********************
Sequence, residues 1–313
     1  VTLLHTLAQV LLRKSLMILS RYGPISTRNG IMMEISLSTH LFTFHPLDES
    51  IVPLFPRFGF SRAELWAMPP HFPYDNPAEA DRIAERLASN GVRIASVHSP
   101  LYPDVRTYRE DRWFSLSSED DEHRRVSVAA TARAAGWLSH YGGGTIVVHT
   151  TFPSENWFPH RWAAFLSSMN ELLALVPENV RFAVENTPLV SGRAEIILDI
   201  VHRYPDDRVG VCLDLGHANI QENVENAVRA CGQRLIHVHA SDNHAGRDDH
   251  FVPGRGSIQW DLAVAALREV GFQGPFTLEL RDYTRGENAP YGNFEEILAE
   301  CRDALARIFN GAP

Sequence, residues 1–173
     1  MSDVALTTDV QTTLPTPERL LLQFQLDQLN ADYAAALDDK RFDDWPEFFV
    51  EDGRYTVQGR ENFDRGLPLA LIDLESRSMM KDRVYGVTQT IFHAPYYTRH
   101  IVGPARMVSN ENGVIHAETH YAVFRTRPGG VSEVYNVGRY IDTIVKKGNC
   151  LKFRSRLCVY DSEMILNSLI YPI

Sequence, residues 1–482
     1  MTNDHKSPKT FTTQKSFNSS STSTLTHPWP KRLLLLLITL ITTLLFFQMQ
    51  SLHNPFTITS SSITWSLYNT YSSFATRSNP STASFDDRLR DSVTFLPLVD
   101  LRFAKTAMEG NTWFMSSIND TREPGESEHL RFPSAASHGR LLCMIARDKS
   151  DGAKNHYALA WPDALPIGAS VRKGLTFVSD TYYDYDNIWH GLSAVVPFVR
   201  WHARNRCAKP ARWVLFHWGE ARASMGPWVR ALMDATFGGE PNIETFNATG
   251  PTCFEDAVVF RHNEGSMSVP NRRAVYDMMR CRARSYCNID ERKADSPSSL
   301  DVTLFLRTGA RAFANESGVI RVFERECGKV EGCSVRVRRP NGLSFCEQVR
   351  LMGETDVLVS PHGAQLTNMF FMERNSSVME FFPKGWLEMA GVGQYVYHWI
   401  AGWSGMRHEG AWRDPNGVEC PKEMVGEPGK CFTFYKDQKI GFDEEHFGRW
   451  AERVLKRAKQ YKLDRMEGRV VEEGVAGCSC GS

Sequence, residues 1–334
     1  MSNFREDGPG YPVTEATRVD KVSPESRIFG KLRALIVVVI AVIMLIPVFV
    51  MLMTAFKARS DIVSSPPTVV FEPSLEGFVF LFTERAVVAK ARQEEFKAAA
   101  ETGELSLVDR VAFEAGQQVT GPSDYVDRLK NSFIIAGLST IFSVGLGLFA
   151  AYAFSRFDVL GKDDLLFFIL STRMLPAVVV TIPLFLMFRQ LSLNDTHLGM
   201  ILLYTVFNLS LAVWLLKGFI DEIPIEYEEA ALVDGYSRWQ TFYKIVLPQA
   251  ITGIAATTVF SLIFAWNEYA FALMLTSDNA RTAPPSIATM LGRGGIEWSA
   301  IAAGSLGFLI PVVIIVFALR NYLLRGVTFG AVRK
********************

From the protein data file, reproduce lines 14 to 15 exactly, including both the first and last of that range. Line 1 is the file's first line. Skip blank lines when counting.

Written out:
Sequence, residues 1–482
     1  MTNDHKSPKT FTTQKSFNSS STSTLTHPWP KRLLLLLITL ITTLLFFQMQ